Liar of course! Ha! I have to admit, I’m still pretty new to the ‘ethical scene’. I try to shop on second hand sites and charity shops wherever possible. I’m really liking the ‘H&M CONSCIOUS’ range right now. I think it's quite a good thing when big brands bring out ethical ranges or claim to be ethical as it forces people to scrutinise this and insure they actually are. It also put pressure on them to become more ethical in more areas of their business which is obviously a good thing too.
If you were to give our readers one piece of ethical advise - what would you share?
Oooh this is a hard one. But I think the biggest thing is just talk about it! Let's make it cool. I think too often people are too embarrassed by the concept, especially when going plastic free. But I just think you’ve got to be strong with it and stick with it, even if you get a funny look when you refuse to pick up a plastic bag for your veggies at the supermarket!
Any stand out differences in sustainability between the UK and Australia?
I think the UK is definitely behind Australia in terms of sustainability. We have many areas like London and Brighton that support upcoming sustainable brands but I think it's tough for small/new business still here, it's getting better though.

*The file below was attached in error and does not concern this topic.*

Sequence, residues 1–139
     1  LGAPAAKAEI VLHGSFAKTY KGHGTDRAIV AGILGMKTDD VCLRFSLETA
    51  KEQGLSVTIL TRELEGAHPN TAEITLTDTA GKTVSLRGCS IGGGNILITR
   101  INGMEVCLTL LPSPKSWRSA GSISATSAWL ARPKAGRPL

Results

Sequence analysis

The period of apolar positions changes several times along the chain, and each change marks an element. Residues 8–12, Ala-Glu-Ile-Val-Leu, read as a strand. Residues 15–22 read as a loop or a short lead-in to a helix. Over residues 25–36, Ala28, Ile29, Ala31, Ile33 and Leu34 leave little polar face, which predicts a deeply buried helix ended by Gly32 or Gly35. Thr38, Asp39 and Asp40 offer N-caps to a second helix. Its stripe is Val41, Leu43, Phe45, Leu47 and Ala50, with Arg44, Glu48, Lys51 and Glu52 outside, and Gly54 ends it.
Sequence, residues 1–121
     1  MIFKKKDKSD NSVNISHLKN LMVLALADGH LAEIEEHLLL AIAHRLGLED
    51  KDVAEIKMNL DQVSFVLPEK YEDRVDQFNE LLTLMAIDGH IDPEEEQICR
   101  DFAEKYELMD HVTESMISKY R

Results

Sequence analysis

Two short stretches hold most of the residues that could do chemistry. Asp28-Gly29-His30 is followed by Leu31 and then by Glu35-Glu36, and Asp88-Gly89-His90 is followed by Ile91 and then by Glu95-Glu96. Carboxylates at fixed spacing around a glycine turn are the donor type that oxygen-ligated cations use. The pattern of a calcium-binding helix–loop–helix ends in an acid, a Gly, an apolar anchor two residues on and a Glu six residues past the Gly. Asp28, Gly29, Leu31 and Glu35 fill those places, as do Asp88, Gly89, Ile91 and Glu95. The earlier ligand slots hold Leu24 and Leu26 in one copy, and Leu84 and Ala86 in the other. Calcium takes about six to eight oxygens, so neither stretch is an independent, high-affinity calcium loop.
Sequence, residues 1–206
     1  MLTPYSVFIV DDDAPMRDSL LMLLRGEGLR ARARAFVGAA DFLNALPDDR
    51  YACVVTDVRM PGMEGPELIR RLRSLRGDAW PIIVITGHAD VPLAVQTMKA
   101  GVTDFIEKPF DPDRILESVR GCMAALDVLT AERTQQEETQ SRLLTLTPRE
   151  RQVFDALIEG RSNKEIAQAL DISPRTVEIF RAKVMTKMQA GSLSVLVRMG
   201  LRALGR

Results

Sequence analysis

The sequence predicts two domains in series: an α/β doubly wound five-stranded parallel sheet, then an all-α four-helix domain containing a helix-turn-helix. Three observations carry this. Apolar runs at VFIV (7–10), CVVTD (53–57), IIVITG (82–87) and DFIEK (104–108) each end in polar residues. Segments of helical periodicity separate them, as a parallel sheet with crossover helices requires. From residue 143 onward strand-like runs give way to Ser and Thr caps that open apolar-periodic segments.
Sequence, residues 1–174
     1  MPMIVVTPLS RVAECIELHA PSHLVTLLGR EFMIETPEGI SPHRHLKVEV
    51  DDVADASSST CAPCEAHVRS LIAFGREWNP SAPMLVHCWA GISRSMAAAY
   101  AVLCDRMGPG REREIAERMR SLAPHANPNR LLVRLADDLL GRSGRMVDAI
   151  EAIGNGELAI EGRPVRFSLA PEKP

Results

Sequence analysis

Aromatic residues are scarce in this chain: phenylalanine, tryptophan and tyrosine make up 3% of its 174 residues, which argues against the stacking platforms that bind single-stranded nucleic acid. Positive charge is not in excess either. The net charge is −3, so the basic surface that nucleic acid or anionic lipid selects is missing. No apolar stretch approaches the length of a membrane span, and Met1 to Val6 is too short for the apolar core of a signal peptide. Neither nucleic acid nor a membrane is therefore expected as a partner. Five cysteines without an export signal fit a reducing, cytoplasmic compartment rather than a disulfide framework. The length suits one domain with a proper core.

It may sound cringy, but I always say to myself ‘Don’t overthink it, just do it’. I was always such an overthinker and especially because of my struggles with mental health, I often let it stop me from doing anything. But since doing my project I've tried to always follow that mantra and encourage others to do so too! Often people say ‘I want to do what you did but….’ so I always say ‘Don't overthink it, just do it!’.
I love the work of people like Bonnie Wright, Shaline Woodly and Emma Watson. I like how they make being environmentally, ethically and socially conscious part of their everyday life. They make it easy for their followers to understand how they too can make small changes, and I admire anyone that uses their platform to share that. I’m also obsessed with Greta Thunburg atm (who isn't!?) and literally every one of her interviews makes me cry.
My mum used to send me random quotes when I was travelling. There was one that she sent on Christmas eve, after a tough week at the refugee camp. It said ‘Take pride that even though the rest of the world may disagree, you still believe it to be a beautiful place’.